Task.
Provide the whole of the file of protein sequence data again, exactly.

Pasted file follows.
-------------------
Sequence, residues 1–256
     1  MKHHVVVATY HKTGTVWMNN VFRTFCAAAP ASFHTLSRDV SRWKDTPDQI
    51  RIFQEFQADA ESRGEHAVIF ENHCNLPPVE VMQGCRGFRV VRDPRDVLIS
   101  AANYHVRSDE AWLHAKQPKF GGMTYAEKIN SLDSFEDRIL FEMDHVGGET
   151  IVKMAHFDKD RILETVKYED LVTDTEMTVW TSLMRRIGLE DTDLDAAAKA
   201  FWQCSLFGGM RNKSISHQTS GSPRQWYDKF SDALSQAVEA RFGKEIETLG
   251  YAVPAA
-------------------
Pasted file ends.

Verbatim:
Sequence, residues 1–256
     1  MKHHVVVATY HKTGTVWMNN VFRTFCAAAP ASFHTLSRDV SRWKDTPDQI
    51  RIFQEFQADA ESRGEHAVIF ENHCNLPPVE VMQGCRGFRV VRDPRDVLIS
   101  AANYHVRSDE AWLHAKQPKF GGMTYAEKIN SLDSFEDRIL FEMDHVGGET
   151  IVKMAHFDKD RILETVKYED LVTDTEMTVW TSLMRRIGLE DTDLDAAAKA
   201  FWQCSLFGGM RNKSISHQTS GSPRQWYDKF SDALSQAVEA RFGKEIETLG
   251  YAVPAA